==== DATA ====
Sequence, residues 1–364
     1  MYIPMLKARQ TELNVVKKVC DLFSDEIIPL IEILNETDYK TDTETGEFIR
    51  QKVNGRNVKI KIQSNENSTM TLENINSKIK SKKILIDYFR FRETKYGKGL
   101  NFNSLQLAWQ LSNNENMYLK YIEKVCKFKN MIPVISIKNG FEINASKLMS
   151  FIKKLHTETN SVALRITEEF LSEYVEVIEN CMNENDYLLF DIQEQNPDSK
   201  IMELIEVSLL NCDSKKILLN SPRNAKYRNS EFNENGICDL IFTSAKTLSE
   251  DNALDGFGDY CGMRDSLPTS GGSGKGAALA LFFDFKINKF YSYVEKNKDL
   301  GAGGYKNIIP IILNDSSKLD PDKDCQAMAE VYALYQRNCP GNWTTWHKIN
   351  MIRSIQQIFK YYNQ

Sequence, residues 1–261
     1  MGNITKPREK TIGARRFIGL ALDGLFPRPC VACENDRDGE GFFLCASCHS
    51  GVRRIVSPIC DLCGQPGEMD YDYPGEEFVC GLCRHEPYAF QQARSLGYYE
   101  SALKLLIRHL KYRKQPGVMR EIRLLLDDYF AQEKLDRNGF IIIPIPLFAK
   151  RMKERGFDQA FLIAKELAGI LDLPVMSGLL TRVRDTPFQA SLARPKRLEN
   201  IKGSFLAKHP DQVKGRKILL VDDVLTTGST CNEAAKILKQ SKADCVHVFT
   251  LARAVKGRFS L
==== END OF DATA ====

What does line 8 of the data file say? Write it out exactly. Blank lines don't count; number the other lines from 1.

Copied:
   301  GAGGYKNIIP IILNDSSKLD PDKDCQAMAE VYALYQRNCP GNWTTWHKIN